>>
>> What does lsof (I'd reinstall it afresh) show with regards to strange users?
>> What users the above services run under. If indeed they are not legitimate
>> and you confirm that they are not being run as packages that you installed,
>> then I'm afraid the only sane option is to reinstall.
>
> Wow. I'm actually seeing the same thing from other domains I nmap.
> Could my ISP have some kind of a weird environment set up that makes
> it look like there are ports such as these open on remote systems?
> Right now I'm on some kind of a shared connection where everyone has
> their own modem or router or whatever it is, but I think everyone's IP
> is the same.

Like Norman suggested, sounds like maybe your ISP or local IT staff
are playing man-in-the-middle.

Try running the Netalyzer (warning: java) maybe it can tell you about
it. http://netalyzr.icsi.berkeley.edu/

Otherwise, I would try to nmap your server from a different internet
connection when possible. Hopefully you won't see those ports open on
your server. Hopefully.

I think nmap is typically not recommended to be run from behind
router/NAT because the results are not necessarily true.
 
Old 05-11-2010, 07:28 PM
Grant
 
Default I've been hacked.

>>>>> I nmap'ed one of my remote Gentoo servers today and besides the
>>>>> expected open ports were these:
>>>>>
>>>>> 1080/tcp open *socks
>>>>> 3128/tcp open *squid-http
>>>>> 8080/tcp open *http-proxy
>>>>>
>>>>> I'm not running any sort of proxy software that I know of and I should
>>>>> be the only person whatsoever with access to the machine. *'netstat
>>>>> -l' doesn't show any info on those ports at all so I suppose it's been
>>>>> hacked as well? *I installed and ran 'rkhunter --check' (what happened
>>>>> to the chrootkit ebuild?) but it doesn't seem to be much use since I
>>>>> hadn't established a "file of stored file properties".
>>>>>
>>>>> What do you guys think is going on? *What should I do from here?
>>>>>
>>>>
>>>> What does lsof (I'd reinstall it afresh) show with regards to strange
>>>> users?
>>>> What users the above services run under. *If indeed they are not
>>>> legitimate
>>>> and you confirm that they are not being run as packages that you
>>>> installed,
>>>> then I'm afraid the only sane option is to reinstall.
>>>>
>>>
>>> Wow. *I'm actually seeing the same thing from other domains I nmap.
>>> Could my ISP have some kind of a weird environment set up that makes
>>> it look like there are ports such as these open on remote systems?
>>> Right now I'm on some kind of a shared connection where everyone has
>>> their own modem or router or whatever it is, but I think everyone's IP
>>> is the same.
>>>
>>> - Grant
>>>
>>>
>>
>> Hello,
>>
>> looks like, your ISP has a Transparent Proxy Setup running.

Should I be worried about that?

> Ports being shown as open does not mean that your machine is
> listening, more like the firewall has some holes in it. *If the

Really? I thought a service had to be listening for the port to be
open. So from nmap, there is no way to tell the difference between a
port that isn't blocked by a firewall and one that is listening?

> firewall is not configured/running on your server itself, then you may
> be alright. *Can you actually connect to your server using those
> ports?

If I enter the server's IP appended with one of the port numbers
listed above into a web browser, I get:

"tinyproxy 1.6.0
The page you requested was unavailable. The error code is listed
below. In addition, the HTML file which has been configured as the
page to be displayed when an error of this type was unavailable, with
the error code 14 (Bad address). Please contact your administrator.
Bad Request"

The thing is, I get the same thing from any domain I enter appended
with one of those ports.

> Have you tried telnet, or nc -v -z <your_host_name> <port> to see if
> they are open?

Can you tell me what package nc is included in?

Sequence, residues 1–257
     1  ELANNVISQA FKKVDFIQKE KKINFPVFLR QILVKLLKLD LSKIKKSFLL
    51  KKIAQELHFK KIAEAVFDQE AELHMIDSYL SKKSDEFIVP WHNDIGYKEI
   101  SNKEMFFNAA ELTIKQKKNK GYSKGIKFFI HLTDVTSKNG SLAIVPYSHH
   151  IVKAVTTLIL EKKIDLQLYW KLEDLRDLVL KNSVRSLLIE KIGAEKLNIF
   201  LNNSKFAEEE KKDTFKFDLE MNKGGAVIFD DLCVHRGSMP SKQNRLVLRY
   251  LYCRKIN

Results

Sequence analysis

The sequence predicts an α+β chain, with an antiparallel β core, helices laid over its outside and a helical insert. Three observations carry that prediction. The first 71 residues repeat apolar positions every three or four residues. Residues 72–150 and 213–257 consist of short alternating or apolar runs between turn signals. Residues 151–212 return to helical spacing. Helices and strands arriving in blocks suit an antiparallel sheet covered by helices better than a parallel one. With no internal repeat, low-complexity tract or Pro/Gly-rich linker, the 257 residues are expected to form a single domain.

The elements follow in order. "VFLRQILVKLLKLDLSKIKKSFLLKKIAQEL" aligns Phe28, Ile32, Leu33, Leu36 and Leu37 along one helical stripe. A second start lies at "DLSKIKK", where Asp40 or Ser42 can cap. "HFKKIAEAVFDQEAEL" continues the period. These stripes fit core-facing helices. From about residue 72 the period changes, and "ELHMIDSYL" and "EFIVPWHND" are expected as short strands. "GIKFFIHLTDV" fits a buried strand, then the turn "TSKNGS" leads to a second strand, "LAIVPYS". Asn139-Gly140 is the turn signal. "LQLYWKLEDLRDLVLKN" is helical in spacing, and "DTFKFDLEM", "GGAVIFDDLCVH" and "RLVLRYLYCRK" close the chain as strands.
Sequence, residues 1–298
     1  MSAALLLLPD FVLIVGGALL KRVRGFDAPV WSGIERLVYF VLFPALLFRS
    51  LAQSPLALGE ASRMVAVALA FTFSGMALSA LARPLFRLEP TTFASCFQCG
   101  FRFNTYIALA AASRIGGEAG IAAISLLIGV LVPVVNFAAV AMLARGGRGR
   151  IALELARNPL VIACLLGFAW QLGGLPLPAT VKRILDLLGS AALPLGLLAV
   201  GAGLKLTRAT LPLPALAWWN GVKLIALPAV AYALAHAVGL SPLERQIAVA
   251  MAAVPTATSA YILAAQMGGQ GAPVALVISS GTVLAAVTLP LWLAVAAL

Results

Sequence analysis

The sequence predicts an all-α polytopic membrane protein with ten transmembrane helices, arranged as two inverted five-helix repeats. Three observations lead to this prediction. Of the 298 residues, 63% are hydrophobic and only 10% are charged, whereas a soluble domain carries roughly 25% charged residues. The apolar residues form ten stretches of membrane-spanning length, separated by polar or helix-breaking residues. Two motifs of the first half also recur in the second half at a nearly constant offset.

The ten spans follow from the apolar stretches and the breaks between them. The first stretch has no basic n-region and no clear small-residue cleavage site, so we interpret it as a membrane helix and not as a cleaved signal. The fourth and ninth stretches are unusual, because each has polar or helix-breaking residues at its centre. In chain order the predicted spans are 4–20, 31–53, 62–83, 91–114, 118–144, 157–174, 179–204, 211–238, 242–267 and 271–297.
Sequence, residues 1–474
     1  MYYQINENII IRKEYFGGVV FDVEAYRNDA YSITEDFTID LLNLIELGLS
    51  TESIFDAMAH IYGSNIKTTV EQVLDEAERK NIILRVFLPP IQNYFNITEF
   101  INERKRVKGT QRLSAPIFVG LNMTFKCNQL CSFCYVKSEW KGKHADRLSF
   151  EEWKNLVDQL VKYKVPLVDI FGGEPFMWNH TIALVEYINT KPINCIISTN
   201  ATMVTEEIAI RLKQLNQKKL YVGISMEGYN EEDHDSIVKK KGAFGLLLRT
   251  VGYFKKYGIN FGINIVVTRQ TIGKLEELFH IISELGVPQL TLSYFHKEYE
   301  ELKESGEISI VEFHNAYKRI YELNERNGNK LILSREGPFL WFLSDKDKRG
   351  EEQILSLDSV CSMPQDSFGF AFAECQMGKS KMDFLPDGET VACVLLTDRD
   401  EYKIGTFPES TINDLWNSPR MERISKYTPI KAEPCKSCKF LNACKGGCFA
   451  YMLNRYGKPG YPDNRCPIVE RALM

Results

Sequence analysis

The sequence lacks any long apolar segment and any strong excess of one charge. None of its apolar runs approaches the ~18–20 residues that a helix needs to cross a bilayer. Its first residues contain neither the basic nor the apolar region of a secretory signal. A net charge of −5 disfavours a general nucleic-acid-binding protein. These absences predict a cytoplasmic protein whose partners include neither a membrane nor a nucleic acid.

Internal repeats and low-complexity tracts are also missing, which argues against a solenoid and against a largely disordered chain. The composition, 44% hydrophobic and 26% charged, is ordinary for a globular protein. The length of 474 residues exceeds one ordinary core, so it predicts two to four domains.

- Grant
 
Old 05-11-2010, 07:40 PM
Paul Hartman
 
Default I've been hacked.

On Tue, May 11, 2010 at 2:28 PM, Grant <emailgrant@gmail.com> wrote:
> Can you tell me what package nc is included in?

netcat
 
Old 05-11-2010, 07:48 PM
Nikos Chantziaras
 
Default I've been hacked.

On 05/11/2010 10:28 PM, Grant wrote:

I nmap'ed one of my remote Gentoo servers today and besides the
expected open ports were these:

1080/tcp open socks
3128/tcp open squid-http
8080/tcp open http-proxy

I'm not running any sort of proxy software that I know of and I should
be the only person whatsoever with access to the machine. 'netstat
-l' doesn't show any info on those ports at all so I suppose it's been
hacked as well? I installed and ran 'rkhunter --check' (what happened
to the chrootkit ebuild?) but it doesn't seem to be much use since I
hadn't established a "file of stored file properties".

What do you guys think is going on? What should I do from here?



What does lsof (I'd reinstall it afresh) show with regards to strange
users?
What users the above services run under. If indeed they are not
legitimate
and you confirm that they are not being run as packages that you
installed,
then I'm afraid the only sane option is to reinstall.



Wow. I'm actually seeing the same thing from other domains I nmap.
Could my ISP have some kind of a weird environment set up that makes
it look like there are ports such as these open on remote systems?
Right now I'm on some kind of a shared connection where everyone has
their own modem or router or whatever it is, but I think everyone's IP
is the same.

- Grant




Hello,

looks like, your ISP has a Transparent Proxy Setup running.


Should I be worried about that?


"Your ISP" in this case means the ISP of your home, not the server's.
That means you will see these ports apparently open for every
IP/hostname you try.
 
Old 05-12-2010, 11:40 AM
Adam
 
Default I've been hacked.

>>> looks like, your ISP has a Transparent Proxy Setup running.
>
> Should I be worried about that?

No.

>> Ports being shown as open does not mean that your machine is
>> listening, more like the firewall has some holes in it. If the
>
> Really? I thought a service had to be listening for the port to be
> open. So from nmap, there is no way to tell the difference between a
> port that isn't blocked by a firewall and one that is listening?

You're right - a TCP service does need to be listening for the port to
be shown as open. However, a device in the path like a proxy may answer
on behalf of the actual destination. ISPs can do this so that you will
use their proxy without having to configure a proxy in your browser.

Firewalls can block ports in two ways;
1.Reject the packet, that is, respond to the SYN with an RST packet
(which is also what the operating system does if the port is closed) and
not forward the packet to the destination
2. Drop the packet, that is, dont respond to the packet or forward it on
to the destination.